The book also solidified how much I appreciate Abercrombie’s writing. His style is so distinct, so creative, and there are a few signature scenes in here that left me in awe at the specific ways he conveys the story. It’s brilliant.

Recommendations: if you love character-driven, slow-burn fantasy novels where the author doesn’t pull any punches, this is a great pick for you. Many people have asked me how this latest trilogy compares to the rest of the works: It’s more reminiscent of this first trilogy, with a faster plot progression and a much stronger writing voice. I personally loved the stand-alones, but for those wanting to get back to basics, this latest trilogy is perfect.

Other books you might like:

by Niki Hawkes

Image

Book Review: Leviathan Falls by James S.A. Corey

Title: Leviathan Falls

Author: James S.A. Corey

Series: The Expanse #9

Genre: Science Fiction

Rating: 2.5/5 stars

The Overview: The Laconian Empire has fallen, setting the thirteen hundred solar systems free from the rule of Winston Duarte. But the ancient enemy that killed the gate builders is awake, and the war against our universe has begun again. In the dead system of Adro, Elvi Okoye leads a desperate scientific mission to understand what the gate builders were and what destroyed them, even if it means compromising herself and the half-alien children who bear the weight of her investigation. Through the wide-flung systems of humanity, Colonel Aliana Tanaka hunts for Duarte’s missing daughter. . . and the shattered emperor himself. And on the Rocinante, James Holden and his crew struggle to build a future for humanity out of the shards and ruins of all that has come before. As nearly unimaginable forces prepare to annihilate all human life, Holden and a group of unlikely allies discover a last, desperate chance to unite all of humanity, with the promise of a vast galactic civilization free from wars, factions, lies, and secrets if they win. But the price of victory may be worse than the cost of defeat. -Goodreads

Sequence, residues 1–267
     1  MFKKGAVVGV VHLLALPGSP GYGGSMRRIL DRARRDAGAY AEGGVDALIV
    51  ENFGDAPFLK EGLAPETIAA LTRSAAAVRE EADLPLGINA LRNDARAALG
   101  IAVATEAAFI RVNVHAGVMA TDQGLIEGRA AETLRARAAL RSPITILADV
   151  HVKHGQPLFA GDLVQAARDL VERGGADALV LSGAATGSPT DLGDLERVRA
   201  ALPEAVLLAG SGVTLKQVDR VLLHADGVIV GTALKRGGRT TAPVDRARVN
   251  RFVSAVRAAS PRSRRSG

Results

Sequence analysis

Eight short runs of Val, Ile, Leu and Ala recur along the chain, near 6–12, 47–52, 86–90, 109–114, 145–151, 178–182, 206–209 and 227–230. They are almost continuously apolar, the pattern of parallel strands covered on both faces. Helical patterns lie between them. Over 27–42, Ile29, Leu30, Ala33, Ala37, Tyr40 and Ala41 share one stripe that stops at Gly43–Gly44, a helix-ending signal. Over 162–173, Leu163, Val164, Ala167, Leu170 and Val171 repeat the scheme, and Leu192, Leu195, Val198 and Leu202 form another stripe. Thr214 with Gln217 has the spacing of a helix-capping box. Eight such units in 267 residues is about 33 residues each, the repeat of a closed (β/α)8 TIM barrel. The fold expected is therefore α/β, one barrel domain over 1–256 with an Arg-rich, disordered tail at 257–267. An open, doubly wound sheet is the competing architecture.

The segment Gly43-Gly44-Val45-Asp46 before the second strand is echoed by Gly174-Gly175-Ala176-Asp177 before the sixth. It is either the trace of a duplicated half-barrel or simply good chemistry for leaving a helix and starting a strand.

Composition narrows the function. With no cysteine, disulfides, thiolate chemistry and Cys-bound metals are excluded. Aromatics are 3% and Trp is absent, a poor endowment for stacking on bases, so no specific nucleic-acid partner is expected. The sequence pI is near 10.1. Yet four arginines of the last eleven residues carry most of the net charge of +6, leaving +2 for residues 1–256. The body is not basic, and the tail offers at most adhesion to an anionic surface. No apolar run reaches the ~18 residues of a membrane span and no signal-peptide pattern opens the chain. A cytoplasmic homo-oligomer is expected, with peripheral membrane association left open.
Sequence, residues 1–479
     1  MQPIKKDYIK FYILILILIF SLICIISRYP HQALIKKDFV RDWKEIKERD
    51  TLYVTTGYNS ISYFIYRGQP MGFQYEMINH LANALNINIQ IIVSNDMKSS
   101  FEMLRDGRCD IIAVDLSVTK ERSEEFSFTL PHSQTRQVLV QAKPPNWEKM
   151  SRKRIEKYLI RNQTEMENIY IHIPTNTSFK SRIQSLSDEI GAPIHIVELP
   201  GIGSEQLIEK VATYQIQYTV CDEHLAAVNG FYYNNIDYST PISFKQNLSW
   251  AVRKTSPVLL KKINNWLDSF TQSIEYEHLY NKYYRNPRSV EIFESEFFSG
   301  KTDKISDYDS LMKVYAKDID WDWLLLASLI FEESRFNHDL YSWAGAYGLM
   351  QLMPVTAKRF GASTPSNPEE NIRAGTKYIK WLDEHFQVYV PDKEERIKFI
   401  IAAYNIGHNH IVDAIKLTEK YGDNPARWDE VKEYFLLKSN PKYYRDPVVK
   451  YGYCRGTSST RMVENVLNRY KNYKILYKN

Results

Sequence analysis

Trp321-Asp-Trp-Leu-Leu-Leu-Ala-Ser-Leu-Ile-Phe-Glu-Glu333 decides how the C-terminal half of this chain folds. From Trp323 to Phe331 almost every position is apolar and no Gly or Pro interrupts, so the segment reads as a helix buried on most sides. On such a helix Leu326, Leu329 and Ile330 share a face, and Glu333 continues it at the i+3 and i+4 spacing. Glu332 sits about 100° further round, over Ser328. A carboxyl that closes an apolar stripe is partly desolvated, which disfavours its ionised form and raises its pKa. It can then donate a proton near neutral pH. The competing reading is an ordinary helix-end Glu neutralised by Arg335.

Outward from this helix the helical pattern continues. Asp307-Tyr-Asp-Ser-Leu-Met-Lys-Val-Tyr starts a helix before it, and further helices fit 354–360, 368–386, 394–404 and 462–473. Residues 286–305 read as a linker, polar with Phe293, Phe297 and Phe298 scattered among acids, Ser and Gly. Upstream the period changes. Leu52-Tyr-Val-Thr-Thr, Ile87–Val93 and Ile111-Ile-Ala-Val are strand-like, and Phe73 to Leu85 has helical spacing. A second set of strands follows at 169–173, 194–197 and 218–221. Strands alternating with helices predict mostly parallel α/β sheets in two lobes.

The Review:

It has been almost three months since I read Leviathan Falls, the final novel in the Expanse series, and I’m finally ready to review it.

It was a good book, but it wasn’t the wow moment I had been hoping for.

I had a lot of expectations for this finale. Many ideas of what I wanted to see happen and a mental list of questions I wanted answered. I was more or less let down on all accounts. There were a few hints at answers, but they were presented in a dense, convoluted manner that in no way satiated my curiosity. While the book contained some decent character arc payoffs, it only just touched on the main series ones. The epilogue saved it from total disaster, but yet I am still left with more questions. If for a minute I let go of expectations, I can admit that there was an unconventional subtlety to the ending that had way more of an impact than if it had been sent off with guns blazing (figuratively speaking… mostly), and I admire the beautiful writing and element of craft in its composition… but yet, here I sit, still feeling a bit unsatisfied.

And I think it all comes down to series pacing and structure.